A: Think your legs look better covered up these days? You can blame those blue, red, or purplish bulges on hormone fluctuations, which trigger your veins to dilate and contract, causing them to pop out. Varicose veins can also be caused by your growing uterus compressing the flow of blood from your legs back to your heart, which causes those leg veins to enlarge. The good news is these veins are not dangerous to you or your baby and will usually return to normal once you give birth. They generally do not hurt but they can be mildly itchy or achy. Since the likelihood of getting varicose veins is primarily genetic, there's little you can do to prevent them. However, research shows that moms-to-be who stand for long periods of time, especially for work -- like waitresses, teachers, or nurses -- should try to rest their legs as often as possible by propping them up on a desk at work or on the sofa at home. If the sight of the veins really bothers you, a little self-tanner or a cover-up may help camoflague them. Support stockings can also help relieve any discomfort the varicose veins are causing.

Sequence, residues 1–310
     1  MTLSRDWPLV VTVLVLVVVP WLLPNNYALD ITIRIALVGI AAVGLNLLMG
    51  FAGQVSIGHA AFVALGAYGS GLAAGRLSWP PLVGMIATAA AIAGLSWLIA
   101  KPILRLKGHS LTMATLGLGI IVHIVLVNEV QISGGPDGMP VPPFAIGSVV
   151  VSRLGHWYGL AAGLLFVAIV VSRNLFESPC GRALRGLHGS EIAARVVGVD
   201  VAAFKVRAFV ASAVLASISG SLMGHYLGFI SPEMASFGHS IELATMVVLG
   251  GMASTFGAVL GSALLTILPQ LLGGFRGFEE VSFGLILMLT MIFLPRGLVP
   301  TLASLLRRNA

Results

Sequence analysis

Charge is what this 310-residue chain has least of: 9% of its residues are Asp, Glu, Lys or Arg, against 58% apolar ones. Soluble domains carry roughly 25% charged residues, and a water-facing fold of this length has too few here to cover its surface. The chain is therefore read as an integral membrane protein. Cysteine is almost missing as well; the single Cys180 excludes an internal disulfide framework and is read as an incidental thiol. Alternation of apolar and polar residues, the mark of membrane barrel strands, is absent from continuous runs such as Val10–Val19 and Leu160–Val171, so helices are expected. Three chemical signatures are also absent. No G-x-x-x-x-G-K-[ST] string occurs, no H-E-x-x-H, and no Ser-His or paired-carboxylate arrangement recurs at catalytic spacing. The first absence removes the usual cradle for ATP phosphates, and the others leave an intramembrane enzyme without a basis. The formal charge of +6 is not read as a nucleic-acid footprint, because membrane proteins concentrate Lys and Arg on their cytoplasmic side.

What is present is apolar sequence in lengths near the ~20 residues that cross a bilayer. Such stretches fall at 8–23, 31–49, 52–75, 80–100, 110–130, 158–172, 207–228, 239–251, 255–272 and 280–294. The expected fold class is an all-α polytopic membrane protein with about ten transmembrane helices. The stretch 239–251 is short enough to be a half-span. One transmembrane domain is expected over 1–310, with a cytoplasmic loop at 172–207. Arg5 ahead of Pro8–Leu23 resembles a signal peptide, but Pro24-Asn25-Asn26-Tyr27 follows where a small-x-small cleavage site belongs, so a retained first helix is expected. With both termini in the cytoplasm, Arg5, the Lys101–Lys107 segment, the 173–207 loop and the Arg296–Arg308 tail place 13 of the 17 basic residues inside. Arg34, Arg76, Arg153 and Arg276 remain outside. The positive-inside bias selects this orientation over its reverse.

While there are treatments to eliminate varicose veins, like sclerotherapy and lasers, these are not recommended during pregnancy. What's more, most pregnancy-induced varicose veins tend to recede on their own shortly after you give birth. If do you end up stuck with a few bulging veins after your baby is born, most docs still suggest putting off treatment until you're done having children, in case any new bulges appear during future pregnancies.